Going forward, alpha should dominate beta. Markets and investors have ridden the central bank “beta-wave” for eight years. Markets are currently trying to change course towards riding some form of “Trump reflation and deregulation” beta-wave. I don't think this will last very long, but it has been powerful since Donald Trump's victory and I think has legs into 2017. Eventually, however, I expect generating alpha to be the name of the game.

In essence it comes down to the ability primarily of the US (other parts of the world still follow) to generate a sustainable increase in trend real GDP growth that outstrips the sustained increase in the cost of capital which we are seeing already most notably in USDs (through the rising USD, higher yields and now a hawkish Fed). If President Trump and the US can pull this off then it should generally benefit much of society. Unfortunately, I think Donald Trump is probably the wrong man at the wrong time. The world needed Trump reflation and Trumpian deregulation back in 2008-09 when unemployment, slack and output gaps were high. In 2017 I think Trumponomics is most likely to lead to a short-term boost to nominal GDP (which will be very tradable) giving way to serious inflationary concerns, which in turn will mean that the sustained increase in the cost of capital in USDs will ultimately trigger the next recession. And yes, I do not doubt that this Yellen Fed will be very active, even if it means that Mr Trump ends up as a single-term president. As Bill Clinton once said, “It's the economy stupid!” And in today's world Mr Trump has made promises that he will find very difficult to deliver to his voter base, as we now live in a multi-polar world which the US can no longer control and drive, and where the issues around demographics, globalisation, technology, over-indebtedness and global regulation cannot simply be brushed aside and ignored.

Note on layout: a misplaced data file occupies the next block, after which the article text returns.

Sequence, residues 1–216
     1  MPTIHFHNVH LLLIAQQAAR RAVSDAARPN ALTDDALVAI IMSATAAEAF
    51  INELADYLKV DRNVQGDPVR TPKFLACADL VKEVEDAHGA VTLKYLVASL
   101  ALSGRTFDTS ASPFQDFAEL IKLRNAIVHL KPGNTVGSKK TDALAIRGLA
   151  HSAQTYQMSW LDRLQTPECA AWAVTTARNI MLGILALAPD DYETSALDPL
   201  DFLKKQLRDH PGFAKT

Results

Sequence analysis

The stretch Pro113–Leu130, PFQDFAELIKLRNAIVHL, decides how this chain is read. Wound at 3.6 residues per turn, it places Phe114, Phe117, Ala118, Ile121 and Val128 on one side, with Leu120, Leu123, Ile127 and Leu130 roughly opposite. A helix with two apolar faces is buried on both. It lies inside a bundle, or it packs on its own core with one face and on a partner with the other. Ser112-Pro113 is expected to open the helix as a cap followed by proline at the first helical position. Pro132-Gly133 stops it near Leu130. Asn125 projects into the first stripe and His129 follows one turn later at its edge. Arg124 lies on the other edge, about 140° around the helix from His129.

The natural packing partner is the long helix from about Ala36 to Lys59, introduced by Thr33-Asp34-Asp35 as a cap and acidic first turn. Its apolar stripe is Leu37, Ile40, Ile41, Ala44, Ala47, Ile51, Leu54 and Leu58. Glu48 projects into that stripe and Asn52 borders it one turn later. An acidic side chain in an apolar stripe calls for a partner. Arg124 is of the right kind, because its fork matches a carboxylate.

So, bringing this all together by focusing on markets, how to view 2017?

In the very short term risk assets are overbought, optimism rules the roost especially in the US (but where Wall Street yet again gave Main Street another reason to vilify it, by almost overnight flipping from “we love Hillary” to “we love Trump”), expectations around President Trump are high, and as discussed above, we see a liquidity mismatch likely early in 2017. So Q1 may be very difficult and we could see a repeat of the market pain of Q1 this year.

Beyond this short term, the trends over H1 [First Half] 2017 should be higher (especially US) equities and yields, steeper curves, a stronger USD, and mixed performance in credit (especially in the IG sphere) and EM. Equity markets in particular are initially likely to ignore the inflation issue and focus on the idea that Donald Trump can overnight rebuild the US economy into a “4-5% nominal GDP” limo, vs the underlying current sense of a “3% and falling fast” jalopy. So for me, most likely over the middle two quarters of 2017, I can see the S&P 500 cash index up at 2450 +/- 50 points, with the Nasdaq weakest and the Dow strongest of the big three US indices.

Eventually, this optimism must give way to reality – we can call that reality “inflation” and “inability to deliver” when it comes to President Trump and his promises. For markets, that really means that the old rule whereby long-term bond yields track trend nominal GDP over time needs to become the key focus. I think we could easily see the long bond at well over 4.5% yield levels, UST10s at 4% and the DXY index up at 120. Initially nominal assets like equities should celebrate the better outlook for reflation and higher nominal GDP. But I would expect this to give way quickly – maybe as soon as Q3 or Q4 2017 – to a realisation that we are likely to end up with either much more inflation than is currently anticipated (Trumponomics should take the US unemployment rate to 3% or lower) whereby a 4.5% nominal growth rate is made up of 3%+ inflation + only 1-2% real GDP, or a much more stagflationary outcome with even lower real growth (bar a short-term boost) and much higher core and headline inflation. Here the pain of USD strength on US corporate profits could be severe and easily outweigh the short-term boost to domestic US revenues and profits that might be seen under Trumponomics in 2017.